“The current flurry of discussion about Velikovsky and Hubbard will soon subside, and their books will begin to gather dust on library shelves.” This confident prediction was made by Martin Gardner in his first piece about the nonsense known as ‘pseudoscience’. It was published by the Antioch Review in the Winter 1950-51 edition.
The opening paragraph began: ““The creation of dianetics is a milestone for man comparable to his discovery of fire and superior to his invention of the wheel and arch.” This is the modest opening sentence of L. Ron Hubbard’s book Dianetics: The Modern Science of Mental Health.
An engineer and writer of science fiction, with no status whatever in psychiatry, Hubbard has created all by himself what he and his followers believe to be a revolutionary science of mental therapy. …”
In analysing the way that Hubbard and others come up with their loopy ideas (yes, I’m firmly revealing my take on such things!), Gardner further wrote: “… the self-styled scientist’s belief in his own greatness, together with his tendency to interpret lack of recognition as a form of persecution by stubborn and prejudiced authorities, effectively bars him from the social give and take of the scientific process. He retires like a hermit within his laboratory or study, to emerge later with tomes of vast erudition, usually written in a complex jargon of invented terms and phrases. Around the Master will cluster a group of ardent admirers – either disciples whose own psychological demands find identification with those of the Master, or simply naïve cultists who lack the knowledge to penetrate the Master’s self-deceptions.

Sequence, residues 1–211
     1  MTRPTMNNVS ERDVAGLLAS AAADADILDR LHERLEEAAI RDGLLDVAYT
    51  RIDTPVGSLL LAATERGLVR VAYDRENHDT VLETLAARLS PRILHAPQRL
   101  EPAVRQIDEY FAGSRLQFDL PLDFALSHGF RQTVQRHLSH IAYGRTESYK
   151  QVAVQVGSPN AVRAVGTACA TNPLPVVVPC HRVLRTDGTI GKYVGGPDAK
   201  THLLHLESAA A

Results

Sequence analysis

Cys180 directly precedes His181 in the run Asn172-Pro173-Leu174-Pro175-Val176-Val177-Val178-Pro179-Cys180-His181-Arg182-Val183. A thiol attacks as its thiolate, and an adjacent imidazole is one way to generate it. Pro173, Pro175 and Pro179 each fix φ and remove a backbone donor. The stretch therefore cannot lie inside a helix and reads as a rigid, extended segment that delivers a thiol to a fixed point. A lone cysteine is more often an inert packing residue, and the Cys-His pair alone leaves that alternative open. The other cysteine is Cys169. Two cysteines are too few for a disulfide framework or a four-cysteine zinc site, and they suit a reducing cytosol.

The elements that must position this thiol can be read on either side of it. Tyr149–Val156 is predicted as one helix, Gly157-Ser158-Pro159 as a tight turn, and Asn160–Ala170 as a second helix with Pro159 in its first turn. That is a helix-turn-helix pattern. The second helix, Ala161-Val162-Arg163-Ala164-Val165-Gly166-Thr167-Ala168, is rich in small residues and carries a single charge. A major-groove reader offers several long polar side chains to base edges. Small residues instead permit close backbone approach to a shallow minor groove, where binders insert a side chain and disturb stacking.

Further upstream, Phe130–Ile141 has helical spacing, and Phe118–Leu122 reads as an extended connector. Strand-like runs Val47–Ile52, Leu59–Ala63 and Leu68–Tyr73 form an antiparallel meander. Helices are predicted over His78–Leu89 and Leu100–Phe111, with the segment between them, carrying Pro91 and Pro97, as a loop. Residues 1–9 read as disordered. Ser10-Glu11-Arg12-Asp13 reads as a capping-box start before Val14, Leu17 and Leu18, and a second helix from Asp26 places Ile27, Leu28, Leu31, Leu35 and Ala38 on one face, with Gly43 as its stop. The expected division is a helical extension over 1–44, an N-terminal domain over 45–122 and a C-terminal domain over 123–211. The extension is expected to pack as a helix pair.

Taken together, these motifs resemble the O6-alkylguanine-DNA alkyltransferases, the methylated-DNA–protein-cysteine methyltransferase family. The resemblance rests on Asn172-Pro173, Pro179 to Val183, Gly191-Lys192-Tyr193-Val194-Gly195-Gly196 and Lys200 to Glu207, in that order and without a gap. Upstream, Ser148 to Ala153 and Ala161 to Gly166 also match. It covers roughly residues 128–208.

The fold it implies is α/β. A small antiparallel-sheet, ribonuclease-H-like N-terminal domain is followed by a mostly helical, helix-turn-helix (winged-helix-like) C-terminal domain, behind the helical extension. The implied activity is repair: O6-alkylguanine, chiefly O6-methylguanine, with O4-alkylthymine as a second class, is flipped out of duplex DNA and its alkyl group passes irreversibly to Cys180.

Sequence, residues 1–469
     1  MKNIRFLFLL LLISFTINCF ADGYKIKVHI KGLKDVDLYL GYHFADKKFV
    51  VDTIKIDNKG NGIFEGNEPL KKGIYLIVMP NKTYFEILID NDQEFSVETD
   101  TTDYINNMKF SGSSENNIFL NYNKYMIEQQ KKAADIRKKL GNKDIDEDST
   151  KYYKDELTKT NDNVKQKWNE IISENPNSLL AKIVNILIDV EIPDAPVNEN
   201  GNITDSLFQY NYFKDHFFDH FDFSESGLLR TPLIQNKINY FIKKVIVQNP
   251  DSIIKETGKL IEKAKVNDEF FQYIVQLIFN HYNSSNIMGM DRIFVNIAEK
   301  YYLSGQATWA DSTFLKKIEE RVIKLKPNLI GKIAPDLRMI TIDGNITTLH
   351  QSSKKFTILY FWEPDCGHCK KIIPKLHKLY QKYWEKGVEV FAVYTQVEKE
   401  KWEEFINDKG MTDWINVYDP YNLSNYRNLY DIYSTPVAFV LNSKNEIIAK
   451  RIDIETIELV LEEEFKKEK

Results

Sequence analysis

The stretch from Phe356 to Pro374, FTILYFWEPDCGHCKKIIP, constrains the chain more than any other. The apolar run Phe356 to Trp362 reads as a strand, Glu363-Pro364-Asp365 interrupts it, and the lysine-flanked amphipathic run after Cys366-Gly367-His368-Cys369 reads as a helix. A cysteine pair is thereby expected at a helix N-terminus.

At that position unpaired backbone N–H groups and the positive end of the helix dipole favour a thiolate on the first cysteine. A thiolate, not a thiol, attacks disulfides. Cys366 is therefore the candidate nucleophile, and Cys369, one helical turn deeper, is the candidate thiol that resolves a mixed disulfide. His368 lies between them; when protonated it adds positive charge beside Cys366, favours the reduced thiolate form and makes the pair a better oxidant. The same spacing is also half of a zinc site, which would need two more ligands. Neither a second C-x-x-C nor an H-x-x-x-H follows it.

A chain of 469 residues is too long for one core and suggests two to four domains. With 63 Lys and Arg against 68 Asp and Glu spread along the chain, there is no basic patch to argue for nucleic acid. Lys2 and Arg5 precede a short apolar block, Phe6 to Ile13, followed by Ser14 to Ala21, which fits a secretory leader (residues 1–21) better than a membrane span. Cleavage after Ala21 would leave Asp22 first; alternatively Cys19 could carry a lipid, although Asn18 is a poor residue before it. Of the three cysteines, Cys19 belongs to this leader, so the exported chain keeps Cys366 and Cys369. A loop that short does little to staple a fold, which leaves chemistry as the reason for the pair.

… non-religious theories (such as Hubbard’s) … are a pure product of the author’s delusions of scientific competence.”
But of course Hubbard realised, quite rightly, that he could go a lot further by extending dianetics into a fully-fledged religion. As Gardner ruefully noted in a publication 30 years later (Science: Good, Bad and Bogus): “… I was clearly wrong in predicting that interest in … Hubbard would “soon subside”. Today, thirty years later, … dianetics, which became part of Hubbard’s new “religion”, Scientology, is the backbone of one of the nation’s biggest cockamamie cults.”
“So it goes” (Kurt Vonnegut, Slaughterhouse Five).
But unless you’ve been living under a rock, you will have noticed some heartening signs concerning Scientology, as individuals, groups and governments become fed up with its antics. I’m not always a big fan of the French (e.g. the eye-gouging in rugby), but they’ve been a leader in not putting up with fanaticism in all its guises. France has sensibly not accepted Scientology as a religion, and is pursuing it (already successfully in at least one case) in the courts on a number of fronts. It has been the subject of numerous critical investigations by the media, a recent example being a Four Corners programme in Australia.
Can the prediction again be made that interest in Scientology ‘will soon subside’? Depressingly, probably not, but meanwhile they’re at least taking somewhat of a battering, so at least a few potential converts may be having second thoughts.
Footnote: I’ve just learned that Martin Gardner has died, aged 95 – a ‘good innings’, as they say.